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Insane in the brain squid Listens to Cypress Hill

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posted on Sep, 22 2012 @ 08:11 PM
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OK...did a search had to share...well this blew my mind. What happens when audio is converted to an electrical signal, and applied gently to tissue, in this case the dorsal side of a squid fin? Just check out the video above created by the Marine Biological Laboratory in Woods Hole, Massachusetts where a squid was hooked up to a special iPod playing Cypress Hill’s 1993 hit Insane in the Brain.

This is called neural control of tuneable skin iridescence in squid. How this could be applied in the real world is any ones guess.

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edit on 22-9-2012 by flyingfish because: (no reason given)




posted on Sep, 22 2012 @ 08:18 PM
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If someone wired me up with that awful row I'd probably turn a nasty shade of red.

That poor squid, I hope it eats the researchers.



posted on Sep, 22 2012 @ 08:57 PM
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one thing that has always amazed me about the life that lives on planet earth.
there's a certain level where things are connected. whether its a creature trying to not get eaten, and thus creates strategy on how to interact with the predictor, or just living in a multiple species habitat where all things respect their environment of other creatures.

to the octopus that sneaks out of his cage at night to rob thier other aquarium.

it's all interconnected. maybe the seemingly distant life of a squid appreciates music?
awesome footage.
thx for sharing.



posted on Sep, 22 2012 @ 09:15 PM
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reply to post by flyingfish
 


Looks like animal cruelty to me.
They should hook themselves up to electrical current and play some music.



If this is research they should have there grants pulled.



posted on Sep, 22 2012 @ 09:37 PM
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Originally posted by VoidHawk
If someone wired me up with that awful row I'd probably turn a nasty shade of red.

That poor squid, I hope it eats the researchers.


I halfheartedly agree with you - I would have liked to see how different genres of music affect the squid, though. I'm not sure if they do this when the squid is alive? I feel like I've read somewhere that they use a recently deceased specimen so the chromatophores still respond efficiently.

Insane in the membrane. Insane, got no brain... (This will be stuck in my head for quite some time now. So 90s.)



posted on Sep, 22 2012 @ 09:41 PM
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reply to post by flyingfish
 


S&F, first of all.

I am not sure what to say on this one, other than this is honestly one of the coolest things I have seen in a long time.

Granted, I am not sure of what practical use such a thing could possibly have in the real world...But, still very cool.


But...Others do raise a good point... They are basically shocking the squid...Right? That makes it not so cool...Assuming it causes pain to the squid... I wonder if the squid is alive when the do this or not?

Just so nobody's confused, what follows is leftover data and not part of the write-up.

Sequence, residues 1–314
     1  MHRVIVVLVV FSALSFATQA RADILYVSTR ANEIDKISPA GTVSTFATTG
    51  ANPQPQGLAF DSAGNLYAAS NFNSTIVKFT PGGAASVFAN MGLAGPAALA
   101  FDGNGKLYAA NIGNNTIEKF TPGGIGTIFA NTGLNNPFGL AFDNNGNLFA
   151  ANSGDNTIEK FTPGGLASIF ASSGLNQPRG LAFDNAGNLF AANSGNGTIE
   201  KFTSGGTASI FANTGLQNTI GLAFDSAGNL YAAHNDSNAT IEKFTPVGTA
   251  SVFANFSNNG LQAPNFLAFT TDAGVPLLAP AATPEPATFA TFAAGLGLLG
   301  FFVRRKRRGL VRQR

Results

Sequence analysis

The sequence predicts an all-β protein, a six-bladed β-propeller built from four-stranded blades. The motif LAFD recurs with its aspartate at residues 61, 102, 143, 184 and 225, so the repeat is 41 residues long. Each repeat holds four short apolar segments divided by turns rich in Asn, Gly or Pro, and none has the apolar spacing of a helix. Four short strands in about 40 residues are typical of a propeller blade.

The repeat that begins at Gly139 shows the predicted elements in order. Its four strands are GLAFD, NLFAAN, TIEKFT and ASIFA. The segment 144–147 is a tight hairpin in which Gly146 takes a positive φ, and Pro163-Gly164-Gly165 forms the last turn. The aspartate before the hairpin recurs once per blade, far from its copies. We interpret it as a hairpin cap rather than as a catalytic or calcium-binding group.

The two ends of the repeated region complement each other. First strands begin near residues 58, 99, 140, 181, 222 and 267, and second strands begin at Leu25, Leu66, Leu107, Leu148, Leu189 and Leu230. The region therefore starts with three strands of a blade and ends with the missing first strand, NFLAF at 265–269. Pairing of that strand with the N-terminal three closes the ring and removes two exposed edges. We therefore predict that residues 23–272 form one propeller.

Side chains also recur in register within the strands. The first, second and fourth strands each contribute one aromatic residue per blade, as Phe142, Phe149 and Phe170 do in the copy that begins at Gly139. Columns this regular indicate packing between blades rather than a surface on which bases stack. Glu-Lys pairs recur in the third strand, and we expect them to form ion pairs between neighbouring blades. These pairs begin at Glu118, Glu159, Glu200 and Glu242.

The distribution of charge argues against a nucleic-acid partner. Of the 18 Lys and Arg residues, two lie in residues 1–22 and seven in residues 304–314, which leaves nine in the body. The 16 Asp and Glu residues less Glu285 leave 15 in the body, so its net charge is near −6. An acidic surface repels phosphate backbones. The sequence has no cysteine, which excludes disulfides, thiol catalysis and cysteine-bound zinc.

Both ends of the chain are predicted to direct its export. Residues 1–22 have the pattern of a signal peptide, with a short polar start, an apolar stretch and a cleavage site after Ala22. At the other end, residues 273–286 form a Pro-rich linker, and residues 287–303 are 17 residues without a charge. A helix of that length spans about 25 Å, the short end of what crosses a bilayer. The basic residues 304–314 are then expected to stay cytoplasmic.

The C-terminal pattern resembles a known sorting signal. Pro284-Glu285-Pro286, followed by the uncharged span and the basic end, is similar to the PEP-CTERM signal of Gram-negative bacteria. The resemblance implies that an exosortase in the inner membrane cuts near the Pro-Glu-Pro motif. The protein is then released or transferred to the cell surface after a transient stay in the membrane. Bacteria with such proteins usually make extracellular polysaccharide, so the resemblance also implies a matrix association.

edit on 22-9-2012 by DirtyLiberalHippie because: (no reason given)



posted on Sep, 22 2012 @ 10:25 PM
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This is awesome. Thanks for sharing.

Hey, I am not a proponent of treating animals in a cruel manner.. but in the name of science I cannot argue this one. Sound and electrical impulses have amazing effects on all living tissue and we know practically nothing about all of that, it is something they should be studying. Whose to say that the electrical impulses even hurt? We have the same thing going on in our mind all of the time.

It reminds me of cymatics in a way, although that is visible sound and vibration. And usually more uniform and symmetrical in it's effect.
edit on 22-9-2012 by PatriotGames2 because: (no reason given)



posted on Sep, 22 2012 @ 10:58 PM
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Even if the squid is alive, they are manipulating his existing capabilities to change color and pattern, something that is naturally triggered by electrical signals from the brain.

At least, that seems to be the case.

They are not zapping the thing.

edit,


We tested our cockroach leg stimulus protocol on the squid’s chromatophores. We used a suction electrode to attach to the squid’s fin nerve, then connected the electrode to an iPod nano as our stimulator. The results were both interesting and beautiful. The video below is a view through an 8x microscope zoomed in on the dorsal side of the fin.


news.backyardbrains.com...


Aug 27 2012: They also did a similar experiment with the body of a dead squid. They connected the nerve in the end of the squid's fin with the exposed wires of earbuds, then played music. The minute charge from the headphones was enough to stimulate the chromatophores in the squid's skin, and they changed colors to the rhythm of the song


www.ted.com... t=awesm-publisher
edit on 22-9-2012 by DermotMcDerp because: (no reason given)
edit on 22-9-2012 by DermotMcDerp because: (no reason given)



posted on Sep, 22 2012 @ 11:51 PM
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This is awesome! Thanks for sharing it. I wish they made more videos with different songs lol.



posted on Sep, 22 2012 @ 11:59 PM
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Why would anyone want to do this?





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